Shrimp taro root is a type of taro characterized by its unique shape and striped pattern that resembles a shrimp. The flesh is dense and sticky with a unique texture and rich flavor, making it one of the best tasting traditional vegetables in Kyoto. The typical Kyoto delicacy has been enjoyed by households since ancient times, and is often used in stews because it does not easily fall apart. It is mainly eaten at New Year's and other festive occasions, and is often made from autumn to winter when shrimp taro roots are sold in stores.

Shrimp taro root is not a variety of potato, but a product of a unique cultivation method. It is said that a court official who served the Shorenin-no-miya during the Anei period and who was entrusted with the cultivation of chrysanthemums was given the task of cultivating the potato seeds brought back from Nagasaki, and was able to produce large shrimp-shaped potatoes with stripes on the skin, which was eventually named "ebi-imo."

Later, through a series of ingenious ways of cooking the dish with "bodara," a dried codfish brought mainly from Hokkaido, the Kyoto taste of "imobo" was invented. It is said that the gelatinous material from the cod prevents the shrimp taro root from falling apart, while the scum from the shrimp taro root tenderizes the cod. Such a characteristic of Kyoto cuisine is known as "deaimon," in which ingredients from different parts of Japan with completely different characteristics are used to bring out the best in each other.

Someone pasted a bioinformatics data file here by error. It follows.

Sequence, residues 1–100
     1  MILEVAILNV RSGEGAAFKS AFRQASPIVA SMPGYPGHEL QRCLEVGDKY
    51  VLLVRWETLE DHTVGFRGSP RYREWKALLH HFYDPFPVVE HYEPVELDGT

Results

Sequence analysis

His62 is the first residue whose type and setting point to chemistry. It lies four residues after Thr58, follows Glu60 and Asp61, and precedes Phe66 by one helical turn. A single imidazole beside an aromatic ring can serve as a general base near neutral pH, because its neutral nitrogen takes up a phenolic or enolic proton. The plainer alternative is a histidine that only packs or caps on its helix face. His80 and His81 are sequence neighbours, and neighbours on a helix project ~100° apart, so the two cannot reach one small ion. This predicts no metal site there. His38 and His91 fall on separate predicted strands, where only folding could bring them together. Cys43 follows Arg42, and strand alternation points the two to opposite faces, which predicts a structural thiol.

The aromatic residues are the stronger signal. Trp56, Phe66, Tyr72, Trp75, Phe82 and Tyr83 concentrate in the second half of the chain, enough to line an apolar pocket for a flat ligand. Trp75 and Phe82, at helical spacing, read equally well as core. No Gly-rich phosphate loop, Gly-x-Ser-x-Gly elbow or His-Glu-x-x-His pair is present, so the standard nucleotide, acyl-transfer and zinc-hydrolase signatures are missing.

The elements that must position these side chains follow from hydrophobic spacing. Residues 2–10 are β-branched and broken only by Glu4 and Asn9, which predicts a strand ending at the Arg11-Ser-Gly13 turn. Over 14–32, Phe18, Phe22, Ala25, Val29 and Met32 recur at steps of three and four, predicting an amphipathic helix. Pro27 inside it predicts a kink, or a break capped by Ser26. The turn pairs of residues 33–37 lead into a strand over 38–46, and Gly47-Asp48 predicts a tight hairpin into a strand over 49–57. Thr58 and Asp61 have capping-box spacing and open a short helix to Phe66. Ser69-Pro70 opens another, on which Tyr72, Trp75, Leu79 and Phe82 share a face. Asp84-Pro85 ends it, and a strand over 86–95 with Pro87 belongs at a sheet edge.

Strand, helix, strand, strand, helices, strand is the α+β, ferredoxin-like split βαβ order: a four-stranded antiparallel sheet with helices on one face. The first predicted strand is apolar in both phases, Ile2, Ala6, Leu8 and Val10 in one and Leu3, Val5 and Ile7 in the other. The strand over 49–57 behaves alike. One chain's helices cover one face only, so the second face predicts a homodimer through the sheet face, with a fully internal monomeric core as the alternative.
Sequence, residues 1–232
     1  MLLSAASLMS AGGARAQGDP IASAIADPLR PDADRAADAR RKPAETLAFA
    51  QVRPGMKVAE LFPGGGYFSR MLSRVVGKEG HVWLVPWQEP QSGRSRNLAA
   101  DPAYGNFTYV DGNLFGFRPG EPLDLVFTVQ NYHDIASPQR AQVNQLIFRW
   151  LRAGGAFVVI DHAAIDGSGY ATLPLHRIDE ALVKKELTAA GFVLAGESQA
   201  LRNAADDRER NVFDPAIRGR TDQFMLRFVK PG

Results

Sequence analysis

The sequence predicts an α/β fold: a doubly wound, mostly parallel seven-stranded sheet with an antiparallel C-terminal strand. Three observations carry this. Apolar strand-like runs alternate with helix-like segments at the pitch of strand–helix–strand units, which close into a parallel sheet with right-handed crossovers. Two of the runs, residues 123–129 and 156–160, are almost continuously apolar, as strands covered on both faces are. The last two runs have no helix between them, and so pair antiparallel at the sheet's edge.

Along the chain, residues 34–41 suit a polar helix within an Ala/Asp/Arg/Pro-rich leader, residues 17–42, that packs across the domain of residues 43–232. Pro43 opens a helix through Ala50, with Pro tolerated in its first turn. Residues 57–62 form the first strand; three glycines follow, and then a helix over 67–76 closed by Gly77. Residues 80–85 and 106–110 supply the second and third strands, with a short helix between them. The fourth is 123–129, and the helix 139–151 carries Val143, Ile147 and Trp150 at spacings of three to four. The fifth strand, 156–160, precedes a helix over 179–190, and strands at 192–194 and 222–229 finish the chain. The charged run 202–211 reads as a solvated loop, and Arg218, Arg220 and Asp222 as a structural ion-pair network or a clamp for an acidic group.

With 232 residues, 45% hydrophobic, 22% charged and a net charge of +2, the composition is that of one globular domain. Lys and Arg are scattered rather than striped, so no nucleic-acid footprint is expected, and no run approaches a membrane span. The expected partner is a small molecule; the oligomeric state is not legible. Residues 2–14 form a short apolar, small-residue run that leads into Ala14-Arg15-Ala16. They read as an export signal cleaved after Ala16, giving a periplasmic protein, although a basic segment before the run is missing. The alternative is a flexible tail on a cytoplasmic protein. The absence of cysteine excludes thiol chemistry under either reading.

When you come to Kyoto, please enjoy imobo, a combination of Kyoto's taste and wisdom accumulated over the years. If you would like to make it at home, please prepare it in a traditional earthenware pot such as the ovenable and microwavable Matsuyama Tokojo's Yukihira Pot to stay warm in the cold winter. If you can't find shrimp taro root, you may use the usual taro instead.

Matsuyama Tokojo's Yukihira Pot